Our old saw cost us $300 about 8 years ago. We spent $600 on this one. Yikes. One fortunate thing was that the old saw was making noises for a few weeks ahead of time and the wife was informed. So when it came time, the skids were already greased.

"Extremely Heavy" is an accurate assessment. This whole tool fits inside a sturdy metal framed transportation box. Two sturdy guys can't pick this thing up. We tried.

Breaking the packaging into manageable pieces wasn't too hard. We were able to make sense of most of the packaging.

Radio Flyer to the rescue yet again! While not often thought of as a shop tool, a small wagon with pneumatic tires will prove it's worth many times over. Our shop is out back and the wagon saved us several trips.

We were also able to load the heaviest part onto the wagon and move it to the shop without having to carry it.

The motor assembly and center top section comes assembled. Set the top upside down on a piece of cardboard (to keep damage to a minimum - it's a new tool, plenty of time for scratches later). This Ridgid table saw has a wheeled lift system that enables it move around our small shop. Assembly is fairly straight forward.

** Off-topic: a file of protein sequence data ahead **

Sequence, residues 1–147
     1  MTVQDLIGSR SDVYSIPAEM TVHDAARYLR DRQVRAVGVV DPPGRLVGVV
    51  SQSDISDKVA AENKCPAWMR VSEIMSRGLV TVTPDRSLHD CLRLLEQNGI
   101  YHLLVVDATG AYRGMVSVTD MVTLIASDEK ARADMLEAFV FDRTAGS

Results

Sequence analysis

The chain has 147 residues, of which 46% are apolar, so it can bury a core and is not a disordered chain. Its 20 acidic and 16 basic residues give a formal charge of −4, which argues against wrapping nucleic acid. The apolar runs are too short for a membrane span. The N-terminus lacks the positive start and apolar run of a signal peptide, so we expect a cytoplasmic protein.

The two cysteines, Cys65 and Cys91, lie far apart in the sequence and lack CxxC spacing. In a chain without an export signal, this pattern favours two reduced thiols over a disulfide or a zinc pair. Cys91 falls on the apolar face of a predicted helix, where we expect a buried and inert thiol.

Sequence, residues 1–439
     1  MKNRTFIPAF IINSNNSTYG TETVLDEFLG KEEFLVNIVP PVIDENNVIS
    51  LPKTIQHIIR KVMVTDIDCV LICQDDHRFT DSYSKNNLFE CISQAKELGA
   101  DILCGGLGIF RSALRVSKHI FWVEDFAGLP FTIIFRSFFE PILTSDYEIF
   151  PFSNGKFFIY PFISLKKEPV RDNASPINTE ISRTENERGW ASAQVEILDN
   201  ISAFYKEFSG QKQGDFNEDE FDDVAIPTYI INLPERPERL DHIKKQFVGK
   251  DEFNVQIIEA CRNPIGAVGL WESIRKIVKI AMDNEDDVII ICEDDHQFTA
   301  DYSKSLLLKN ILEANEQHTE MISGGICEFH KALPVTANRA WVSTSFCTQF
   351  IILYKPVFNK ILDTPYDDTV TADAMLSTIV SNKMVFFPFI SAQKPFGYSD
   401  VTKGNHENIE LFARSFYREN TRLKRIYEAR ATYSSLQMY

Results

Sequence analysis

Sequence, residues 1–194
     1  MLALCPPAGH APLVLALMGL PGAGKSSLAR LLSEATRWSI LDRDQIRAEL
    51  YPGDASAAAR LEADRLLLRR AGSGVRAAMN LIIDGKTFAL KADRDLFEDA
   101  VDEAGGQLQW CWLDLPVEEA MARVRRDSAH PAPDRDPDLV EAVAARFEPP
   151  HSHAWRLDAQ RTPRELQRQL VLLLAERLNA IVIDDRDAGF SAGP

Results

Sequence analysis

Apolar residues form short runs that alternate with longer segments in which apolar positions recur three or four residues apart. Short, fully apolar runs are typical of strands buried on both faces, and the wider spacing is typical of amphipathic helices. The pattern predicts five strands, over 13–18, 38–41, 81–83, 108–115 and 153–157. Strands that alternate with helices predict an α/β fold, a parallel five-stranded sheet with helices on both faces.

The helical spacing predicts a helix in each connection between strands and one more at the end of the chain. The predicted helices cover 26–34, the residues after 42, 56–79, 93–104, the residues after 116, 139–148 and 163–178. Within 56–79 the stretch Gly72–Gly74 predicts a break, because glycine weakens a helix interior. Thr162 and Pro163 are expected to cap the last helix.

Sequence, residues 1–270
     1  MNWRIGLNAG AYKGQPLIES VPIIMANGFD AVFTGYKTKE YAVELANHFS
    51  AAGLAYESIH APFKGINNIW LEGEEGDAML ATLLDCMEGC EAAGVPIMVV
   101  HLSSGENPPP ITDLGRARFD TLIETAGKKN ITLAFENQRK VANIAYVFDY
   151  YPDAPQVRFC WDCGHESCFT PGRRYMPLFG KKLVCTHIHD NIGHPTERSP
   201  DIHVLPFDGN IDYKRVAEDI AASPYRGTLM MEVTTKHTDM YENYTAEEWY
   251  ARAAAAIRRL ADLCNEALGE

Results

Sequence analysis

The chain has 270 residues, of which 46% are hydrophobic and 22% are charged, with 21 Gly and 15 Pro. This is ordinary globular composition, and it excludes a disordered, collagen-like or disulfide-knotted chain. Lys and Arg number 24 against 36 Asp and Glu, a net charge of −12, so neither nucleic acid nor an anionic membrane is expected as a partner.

As with all assemblies, get the nuts and bolts loosely in place before tightening any of them.

We had two people on hand to assemble the saw, but often found that there was only room enough for one person to actually work. Visualizing how the finished sections work goes easier with two people. And of course when it comes time to flip this thing back over, two is better than one.

Did we mention that two people are needed to do this job?

The granite table sides are aligned with pre-drilled holes and bolts. The fit is tight and wrench space is minimal, but certainly doable.

Alignment of the table sides will determine how accurate your cuts will be. This is not hard to do, but can take some patience. The sides are heavy and will move when tightening. Using two long straight edges help speed this process along.

We wondered about the small seam between top slabs, but have since learned that they have no effect on cutting operations.